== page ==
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The Selectmen pondered options to halt the slide in parking revenues at Wednesday's workshop meeting.

Adams Hopes to Stop Slide in Parking Revenue

By Dan GigliottiiBerkshires Correspondent
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The town is seeing a drop in parking revenues because of fewer cars and less enforcement.

ADAMS, Mass. — The town is losing money in parking enforcement, prompting the Board of Selectmen to begin troubleshooting a new model to reverse a once-lucrative trend.

Town officials discussed the failed impact of revenue generated from parking enforcement based on low parking rates, enforcement issues based on a lack of staffing and the general decline in activity downtown, according to Town Administrator Jonathan Butler.

On Wednesday, Butler reported the findings of that meeting, during which he said a consensus was reached that the issue is a frustrating one for the town. Data shows that the net value from parking enforcement has steadily declined over the last quarter of a century from what once was a benefit to the town's budget to what is now a detriment.

The amount of coin currency accrued decreased from $11,800 to $7,200 between fiscal 2010 and fiscal 2012, before increasing to $9,400 in fiscal 2013, a total decline of 20 percent. Halfway through this fiscal year, Butler is projecting the numbers to show an uptick, given its current total of $7,600. He said parking is nevertheless not accounting for the totals it used to some 20-30 years ago.

"There was kind of a historical highpoint in the '80s and '90s, where the town would bring in in excess of $20,000 in coins, between $20,000 and $30,000 some years," Butler said. "We're on a steady, downward cycle since then."

The topic of parking revenue was discussed in a recent department head meeting, including Community Development Director Donna Cesan, Town Accountant Mary Beverly, Superintendent of Public Works Thomas Satko and Police Chief Richard Tarsa.

The totals provided by Butler do not account for revenue generated from parking fines, nor do they illustrate the amount of money spent on parking enforcement. Butler identified a lack of staffing as a contributing factor to the decline in parking enforcement, citing a decrease in parking tickets written.

Before layoff in 2007-2008, the town had two more full-time officers and two more full-time dispatchers. Those layoffs have required dispatching duties to be fulfilled by current law enforcement officers on duty, effectively creating a void in parking enforcement.

Without proper parking enforcement, meters won't be fed regularly and revenue generated from these units and subsequent parking fines won't be accrued as a result. Selectman Arthur "Skip" Harrington said the process must be legitimized by law enforcement, though he questioned doing that on a police officer's salary.

"If we're going to keep the meters, we're going to continue to meter the town, or have some sort of system, we need to change the enforcement. No offense to the police, but I don't think it's cost-effective to have a policeman salary out there writing tickets for parking violations," Harrington said.

The selectmen discussed the need for proper enforcement above all, as Butler floated the idea of adding a position sometime in the foreseeable future of a paid parking enforcement officer, or traffic warden.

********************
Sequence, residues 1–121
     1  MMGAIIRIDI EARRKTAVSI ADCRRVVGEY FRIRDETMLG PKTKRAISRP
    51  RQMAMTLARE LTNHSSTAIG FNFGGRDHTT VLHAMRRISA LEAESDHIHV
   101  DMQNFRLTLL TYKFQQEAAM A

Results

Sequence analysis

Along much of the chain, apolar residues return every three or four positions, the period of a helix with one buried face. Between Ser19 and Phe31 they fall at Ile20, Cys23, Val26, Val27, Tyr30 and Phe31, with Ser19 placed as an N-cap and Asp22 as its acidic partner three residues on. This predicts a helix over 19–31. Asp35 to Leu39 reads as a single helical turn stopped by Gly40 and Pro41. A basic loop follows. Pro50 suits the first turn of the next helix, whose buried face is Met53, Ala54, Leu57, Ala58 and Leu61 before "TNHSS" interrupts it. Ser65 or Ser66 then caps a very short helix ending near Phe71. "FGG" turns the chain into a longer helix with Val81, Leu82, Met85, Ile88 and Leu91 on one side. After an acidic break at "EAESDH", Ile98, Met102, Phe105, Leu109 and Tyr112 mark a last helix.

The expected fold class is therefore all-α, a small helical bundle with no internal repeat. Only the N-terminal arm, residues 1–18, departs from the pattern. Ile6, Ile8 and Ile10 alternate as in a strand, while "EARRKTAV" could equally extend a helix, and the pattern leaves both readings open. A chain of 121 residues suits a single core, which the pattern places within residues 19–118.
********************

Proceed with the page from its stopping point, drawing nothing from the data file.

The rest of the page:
Pittsfield employs two parking control officers at a rate of $11.48 per hour or approximately $24,000 per year.

Cesan, who was an active part of the workshop on Wednesday, said her office could produce more detailed data on the efficiency of new parking meter models, including placement, if given a period of 30 days.

The discussion on parking meters included upgrading units to newer technologies, positioning them effectively in relation to street parking and sidewalks and increasing the price of parking.

Currently, the cost of filling a parking meter is 25 cents per hour, which Butler speculates has not changed since the 1980s. (North Adams recently installed digital meters at 25 cents an hour, up from a dime.)

Selectman Joseph Nowak said he appreciates the parking meters that are stationed closer to building facades, away from the sidewalk curbs, because it avoids the interference of snow plows, street salts and other town services and weather hazards that may impact durability.

In addition to meters already located on Park and Summer streets, many members of the discussion concurred that the Adams Visitors Center parking lot should be a target area for the town to generate revenue from parking, noting models in other areas of the state that utilize kiosks to charge for parking, rather than standard meters.

"If you have a break-even model ... that's a good model. That's essentially what we're hoping to get to. We don't have a break-even model," Butler said. "These numbers basically say we generate around $10,000-$15,000 a year when you combine coins with some of the tickets written and the cost of that exceeds it."

The discussion of parking is particularly important to town officials, based on grant funding for projects to enhance aesthetics and amenities in downtown Adams, part of a downtown development project adopted in 2003 and most recently funded by a Community Development Block Grant from the state in July.

Cesan has been working with a designer to prepare bid documents for the streetscape project. She said a pre-bid meeting is likely to be held in early March, during which prospective contractors will be on-site in the downtown to go through some of the details of the project. Once a contractor is determined, the town will hold an introductory public meeting.

Tags: parking meters,   revenue,   

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